He settled in and told the steward that he wanted some gin and lime juice. The other man - not the officers' usual steward - went back to the pantry and complied. Unfamiliar with the setup, however, he didn't know that the unmarked gin bottle he pulled was actually filled with tetrachloride: used for cleaning rags and the like.

The steward returned and gave Second Officer Stark his drink. Unfortunately, Stark's cold prevented him from smelling tetrachloride's distinct "sweetness." He threw it back and knew right away that something was not right. Stark didn't think the situation was too serious and is said to have laughed about it to his colleagues; chances are that he never knew what he had drunk.

His condition grew worse as the hours dragged on, however, and he died a few days later on September 22, 1949.

Wednesday, October 5, 2011

The Death of John Pedder

It was July 10, 1966 when Fireman/Cleaner John Pedder, aged 18, was found crushed inside Watertight Door 13 aboard the RMS Queen Mary. According to the ship's log, he joined the crew on March 30 of that year and was engaged in bilge pumping duties at the time of the accident.

Pedder was caught in the door at around 3:55 am and found by a refrigeration greaser named Cripps shortly thereafter. There were no witnesses to the accident, but the officers on duty were immediately notified by the undoubtedly startled crew member. The only sign of trauma was a bit of blood trickling down the nose, as well as the fact he was turning blue due to lack of oxygen.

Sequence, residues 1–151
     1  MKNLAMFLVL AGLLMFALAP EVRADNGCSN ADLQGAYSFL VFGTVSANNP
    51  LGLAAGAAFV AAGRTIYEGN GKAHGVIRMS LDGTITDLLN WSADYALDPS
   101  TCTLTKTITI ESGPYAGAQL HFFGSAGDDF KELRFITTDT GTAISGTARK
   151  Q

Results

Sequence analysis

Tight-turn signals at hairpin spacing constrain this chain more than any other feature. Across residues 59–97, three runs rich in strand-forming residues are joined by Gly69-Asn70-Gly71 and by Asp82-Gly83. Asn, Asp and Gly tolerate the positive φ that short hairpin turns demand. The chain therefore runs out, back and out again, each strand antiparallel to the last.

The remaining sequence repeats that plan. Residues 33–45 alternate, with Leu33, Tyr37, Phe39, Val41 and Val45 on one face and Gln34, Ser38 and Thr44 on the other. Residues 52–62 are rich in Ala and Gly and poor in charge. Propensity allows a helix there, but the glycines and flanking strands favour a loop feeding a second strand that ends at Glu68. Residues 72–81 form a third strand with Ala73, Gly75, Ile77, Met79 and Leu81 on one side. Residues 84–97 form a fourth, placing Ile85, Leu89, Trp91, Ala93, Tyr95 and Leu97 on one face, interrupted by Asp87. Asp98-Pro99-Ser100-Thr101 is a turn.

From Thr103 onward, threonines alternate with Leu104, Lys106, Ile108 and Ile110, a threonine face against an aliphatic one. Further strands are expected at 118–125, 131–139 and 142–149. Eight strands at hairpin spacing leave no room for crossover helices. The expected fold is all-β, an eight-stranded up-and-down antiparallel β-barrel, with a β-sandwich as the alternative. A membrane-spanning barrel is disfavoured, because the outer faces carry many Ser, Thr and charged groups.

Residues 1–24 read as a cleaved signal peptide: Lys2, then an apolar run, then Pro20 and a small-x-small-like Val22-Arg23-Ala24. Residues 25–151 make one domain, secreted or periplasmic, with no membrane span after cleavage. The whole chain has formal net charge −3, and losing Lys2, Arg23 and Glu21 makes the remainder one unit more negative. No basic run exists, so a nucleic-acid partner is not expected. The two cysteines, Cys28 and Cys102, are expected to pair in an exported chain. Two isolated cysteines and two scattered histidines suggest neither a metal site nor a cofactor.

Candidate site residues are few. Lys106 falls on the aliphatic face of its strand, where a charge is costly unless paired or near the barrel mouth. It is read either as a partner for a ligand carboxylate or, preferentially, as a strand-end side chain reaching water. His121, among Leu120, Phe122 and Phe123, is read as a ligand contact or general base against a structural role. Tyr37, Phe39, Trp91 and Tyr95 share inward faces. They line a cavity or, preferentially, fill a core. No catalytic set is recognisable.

The young man was removed from the door and placed on the deck by the time the night sister arrived on the scene. She was unable to determine whether or not he was alive, so he was administered morphine and was pronounced dead upon his arrival to the ship's hospital.

His ghost has been reported in the starboard side of Shaft Alley since that tragic day. Guests to the Queen Mary have reported seeing a young, bearded man wearing a white boiler suit in this area - sometimes looking for a wrench (likely the one he had used to manually open Watertight Door 13 when he was killed). Tour guides have also reported weird activity in the area, ranging from shadows to knocking sounds.

Does the spirit of John Pedder still haunt the Queen Mary? We may never know for sure - but his death was certainly one of the most tragic events to have taken place aboard the grand old ship.

Saturday, October 1, 2011

This month....

For the entire month of October, we'll bringing a variety of ghost tales and strange occurrences...just in time for Halloween!

Stay tuned!